I do know, the church made a profound difference in their lives, and in countless others since.

That is the way of ministry. It starts from need, often a small one, and grows into a garden from a single seed.

Lord, thank you for the gift of language and the Universal one with which you speak.


January 23, 2012

Once upon a time, I had a kitty-cat named Tisha.

Her full name was Tisha-ton-waka-wa-mani, meaning the Hawk that Walks Hunting.

Tisha traveled with me to undergraduate school.

I was blessed enough to find a college that had both an Environmental Science major and allowed pets. It was progressive.

The problem with Tisha, a beautiful calico, is that she hesitated at doors.

I have since come to realize that all cats do the same.

They meow near the door as if they want to go outside, but when the door opens they stand there, as if evil lurks on the other side.

Or the threshold is dangerous.

I’ve decided Tisha was right.

The threshold is dangerous, and so is the open door.

We are wise to use our whiskers, not only to judge the portal and determine if the opening is large enough for us to fit through, but to sense what lies..or lurks..on the other side.

We are wise to take our time.

Lord, help me to be more cat-like and prudent, and to realize not every door is one we should rush through.

His eye is on the sparrow

and I know He watches me.

  — Civilla D. Martin, His Eye is on the Sparrow 

Yesterday morning, I had a moment of panic.

It was when I saw a Titmouse hanging upside down from a rafter.

At first, I thought it was a Nuthatch.

They are supposed to hang upside-down and can move, like a Brown Creeper, up and down the bark of a tree trunk like it was a two-lane highway. They travel in both directions.

But then, I realized it was a Titmouse and became concerned. They are not quite as agile and my fear was that gravity would take over and pull the little winged thing, feathers peaked into a Mohawk, to the ground.

I thought of the gospel song, His Eye Is on the Sparrow, and awoke to the rest of the line in my mind, my own lyrics, ..and the Titmouse..and the Wren.

Is there any creature outside God’s care and watchful eye?

I don’t think so.

Like the center of a yarned Girl Scout project, we are often like the Titmouse and hang upside-down in God’s Eye, precarious but well-positioned.

Lord God, thank you for watching over me like you do that risky little Titmouse who almost gave me a heart attack yesterday morning.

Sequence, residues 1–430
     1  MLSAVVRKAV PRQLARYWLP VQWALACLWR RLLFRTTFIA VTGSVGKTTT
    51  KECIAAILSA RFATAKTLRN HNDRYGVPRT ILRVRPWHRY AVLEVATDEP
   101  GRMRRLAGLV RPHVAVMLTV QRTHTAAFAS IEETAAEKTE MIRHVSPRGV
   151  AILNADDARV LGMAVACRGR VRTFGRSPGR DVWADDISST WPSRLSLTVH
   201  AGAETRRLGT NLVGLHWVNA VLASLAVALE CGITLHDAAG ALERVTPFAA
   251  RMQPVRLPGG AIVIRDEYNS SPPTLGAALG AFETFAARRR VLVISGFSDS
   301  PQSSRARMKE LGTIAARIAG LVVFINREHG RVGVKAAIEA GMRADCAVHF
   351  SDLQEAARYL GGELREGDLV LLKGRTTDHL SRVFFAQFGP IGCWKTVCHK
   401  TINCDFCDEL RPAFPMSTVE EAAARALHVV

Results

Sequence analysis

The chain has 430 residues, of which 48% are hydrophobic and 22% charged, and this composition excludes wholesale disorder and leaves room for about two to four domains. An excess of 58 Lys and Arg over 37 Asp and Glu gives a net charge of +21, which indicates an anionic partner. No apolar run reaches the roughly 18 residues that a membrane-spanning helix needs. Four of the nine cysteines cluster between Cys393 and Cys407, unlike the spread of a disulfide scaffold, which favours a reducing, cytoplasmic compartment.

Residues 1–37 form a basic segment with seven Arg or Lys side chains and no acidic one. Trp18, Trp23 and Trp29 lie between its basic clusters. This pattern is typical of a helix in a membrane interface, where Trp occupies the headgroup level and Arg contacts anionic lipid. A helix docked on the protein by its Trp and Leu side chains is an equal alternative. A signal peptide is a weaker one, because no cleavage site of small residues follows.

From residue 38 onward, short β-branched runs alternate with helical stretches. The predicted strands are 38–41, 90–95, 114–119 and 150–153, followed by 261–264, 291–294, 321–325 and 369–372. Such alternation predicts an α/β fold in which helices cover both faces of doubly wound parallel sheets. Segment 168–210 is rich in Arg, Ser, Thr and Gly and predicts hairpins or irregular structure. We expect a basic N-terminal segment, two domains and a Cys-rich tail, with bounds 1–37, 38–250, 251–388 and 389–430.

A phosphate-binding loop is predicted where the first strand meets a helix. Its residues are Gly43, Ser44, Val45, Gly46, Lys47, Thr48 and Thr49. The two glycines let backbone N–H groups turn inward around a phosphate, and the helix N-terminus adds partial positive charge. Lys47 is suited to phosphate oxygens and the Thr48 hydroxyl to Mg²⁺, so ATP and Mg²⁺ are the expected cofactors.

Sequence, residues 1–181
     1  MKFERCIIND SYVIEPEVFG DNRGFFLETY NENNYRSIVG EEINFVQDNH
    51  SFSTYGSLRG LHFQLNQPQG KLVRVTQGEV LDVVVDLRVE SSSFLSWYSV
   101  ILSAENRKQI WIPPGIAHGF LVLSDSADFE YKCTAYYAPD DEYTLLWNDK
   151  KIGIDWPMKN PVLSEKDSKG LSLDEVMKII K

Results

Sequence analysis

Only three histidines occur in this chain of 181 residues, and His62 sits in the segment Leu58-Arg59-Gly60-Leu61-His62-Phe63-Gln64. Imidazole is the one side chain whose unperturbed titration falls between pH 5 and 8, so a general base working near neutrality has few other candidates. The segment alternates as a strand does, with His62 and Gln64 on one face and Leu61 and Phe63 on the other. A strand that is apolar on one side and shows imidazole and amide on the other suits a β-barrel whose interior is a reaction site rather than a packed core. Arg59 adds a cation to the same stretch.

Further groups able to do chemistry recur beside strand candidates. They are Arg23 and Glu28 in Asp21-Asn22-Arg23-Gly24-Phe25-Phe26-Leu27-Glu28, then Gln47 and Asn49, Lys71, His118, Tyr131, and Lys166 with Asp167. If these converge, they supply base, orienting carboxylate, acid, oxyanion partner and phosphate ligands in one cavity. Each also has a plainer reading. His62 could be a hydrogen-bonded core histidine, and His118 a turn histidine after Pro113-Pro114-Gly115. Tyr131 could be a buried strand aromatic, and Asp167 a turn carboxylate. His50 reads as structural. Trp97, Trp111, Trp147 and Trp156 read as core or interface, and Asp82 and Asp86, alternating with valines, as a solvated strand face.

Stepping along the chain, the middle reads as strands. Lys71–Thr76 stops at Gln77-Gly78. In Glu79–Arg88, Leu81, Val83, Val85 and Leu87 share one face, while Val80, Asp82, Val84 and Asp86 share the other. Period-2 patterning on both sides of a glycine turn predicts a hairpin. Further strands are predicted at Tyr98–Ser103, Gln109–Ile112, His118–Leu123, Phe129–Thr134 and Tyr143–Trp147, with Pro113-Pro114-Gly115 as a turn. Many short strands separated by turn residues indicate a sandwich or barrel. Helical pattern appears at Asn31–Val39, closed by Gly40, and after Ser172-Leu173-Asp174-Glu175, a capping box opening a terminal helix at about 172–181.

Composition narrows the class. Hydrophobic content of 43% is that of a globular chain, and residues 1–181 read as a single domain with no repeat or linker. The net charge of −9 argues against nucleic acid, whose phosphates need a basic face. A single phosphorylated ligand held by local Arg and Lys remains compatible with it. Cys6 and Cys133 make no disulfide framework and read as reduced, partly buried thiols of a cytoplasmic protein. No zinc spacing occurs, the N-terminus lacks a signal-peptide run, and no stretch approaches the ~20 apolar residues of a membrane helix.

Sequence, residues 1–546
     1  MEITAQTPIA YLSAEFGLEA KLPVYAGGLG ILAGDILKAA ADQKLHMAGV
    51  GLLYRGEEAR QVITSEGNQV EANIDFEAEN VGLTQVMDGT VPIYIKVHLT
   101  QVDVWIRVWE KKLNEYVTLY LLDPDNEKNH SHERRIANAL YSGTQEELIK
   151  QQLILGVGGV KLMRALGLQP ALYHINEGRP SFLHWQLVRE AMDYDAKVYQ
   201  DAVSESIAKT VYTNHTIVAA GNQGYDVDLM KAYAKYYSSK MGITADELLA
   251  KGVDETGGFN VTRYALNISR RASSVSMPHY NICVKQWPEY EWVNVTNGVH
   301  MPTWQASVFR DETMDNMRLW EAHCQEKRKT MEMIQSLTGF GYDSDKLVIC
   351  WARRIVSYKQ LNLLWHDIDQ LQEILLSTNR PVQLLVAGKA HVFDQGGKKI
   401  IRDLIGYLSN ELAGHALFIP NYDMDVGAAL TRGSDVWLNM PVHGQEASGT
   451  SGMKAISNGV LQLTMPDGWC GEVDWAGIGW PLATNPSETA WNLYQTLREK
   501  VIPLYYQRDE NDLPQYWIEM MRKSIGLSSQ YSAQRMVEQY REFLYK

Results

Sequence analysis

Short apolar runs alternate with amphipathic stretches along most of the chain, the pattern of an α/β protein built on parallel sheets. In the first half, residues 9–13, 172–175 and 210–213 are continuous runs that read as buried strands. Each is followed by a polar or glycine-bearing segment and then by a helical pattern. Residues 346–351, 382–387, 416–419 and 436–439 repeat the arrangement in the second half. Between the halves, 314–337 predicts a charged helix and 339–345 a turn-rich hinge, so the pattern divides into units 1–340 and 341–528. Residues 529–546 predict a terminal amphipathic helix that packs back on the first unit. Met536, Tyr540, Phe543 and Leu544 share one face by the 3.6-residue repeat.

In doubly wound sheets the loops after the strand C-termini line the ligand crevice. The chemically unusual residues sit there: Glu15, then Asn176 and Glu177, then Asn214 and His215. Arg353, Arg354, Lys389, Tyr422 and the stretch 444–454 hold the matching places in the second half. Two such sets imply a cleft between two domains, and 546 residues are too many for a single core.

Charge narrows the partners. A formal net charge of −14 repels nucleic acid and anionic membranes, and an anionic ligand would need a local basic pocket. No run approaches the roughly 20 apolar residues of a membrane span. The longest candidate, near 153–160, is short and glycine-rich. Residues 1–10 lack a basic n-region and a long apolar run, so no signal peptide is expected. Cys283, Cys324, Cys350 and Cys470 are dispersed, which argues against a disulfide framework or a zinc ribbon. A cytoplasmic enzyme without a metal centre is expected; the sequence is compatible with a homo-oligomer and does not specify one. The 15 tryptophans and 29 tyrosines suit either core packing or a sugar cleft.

Walking on Water: A Dream

January 18, 2012

Last night, I dreamed I was walking on water.

It was a beautiful dream.

I was with my mother and we covered a great distance.

The amazing thing about the dream was that it was easy. Simple.

It was as if we were walking on ice or snow, like a tundra, headed to a distant pole.

But it was water.

In the dream, I exclaimed to Mother: “We’re walking on water!”

I called my mother in real life to tell her about the dream.

She responded, “I take that as a good sign.”

Yesterday morning, we met for coffee and our new accountability group.

Just the two of us, and our journals, and our lists of goals.

We talked and prayed and shared our deepest hopes for a new year, our needs and growing edges.

It was rich and as robust as the coffee.

I think the dream affirms the journey each of us is on and that we are making it together.

We are crossing continents.

Thank you, Lord, for the dream and for the reality that you call us from the boat onto the water, and that the walking is easy, especially with a friend.


Everyone’s a mystic these days and has sojourned in a monastery.

Everyone speaks of a “mindfulness” of prayer—a spiritual “best practice” where breathing is slowed and attentiveness is key.

But I want to talk about the heart, not the mind, and the heartfulness of prayer—the better practice.

Sometimes we are knitting, or rocking or running or cooking, and we can be like Brother Lawrence, practicing the Presence of God while we do these things. This is prayer.

We knit one, pearl God. We stir the spoon and stir the Spirit. We run laps and run to God.

But what happens when we are less intentional? Not just off our knees and into the rocking chair—step one in expanding our idea of what it means to pray, but step two, when we are out of the rocking chair and onto the sofa, watching a football game?

I believe this is prayer too.

Most of the people I know don’t live in monasteries and have little time to knit or cook or rock.

Most of the people I know are in meetings and on the phone, are in class and in conversation– are very busy. And when they finally get a moment to themselves, it is usually late at night and they are too tired to do anything but plop down in front of the TV. They couldn’t stir a pot or take a stich if they had to, much less tax their mind or spirit, with one more contemplative hoop.

But prayer isn’t about the mind and no amount of focused, centered, even quiet time, can wed us to God.

It is about the heart.

Word Search

January 16, 2012

Untoward: difficult to guide, manage, or work with: unruly, intractable

I have spent the last hour, searching for a word.

The word is often what I am—untoward.

This morning, I have been stubbornly insistent upon finding it.

Ontward was the word my brain formed, but no amount of Googling, dictionary and thesaurus mining or inner play with related words surfaced the one I was seeking.

I finally gave up and prayed.

Which is when the word came to me.

Lord, when I get frustrated and am ornery, stubborn, and untoward, help me to remember the Word Search that truly matters is You.


Wind Chimes

January 15, 2012

Who has seen the wind?

I have.

Like many of you, I have wind chimes in my yard.

They hang like Christians, giving witness to the Wind.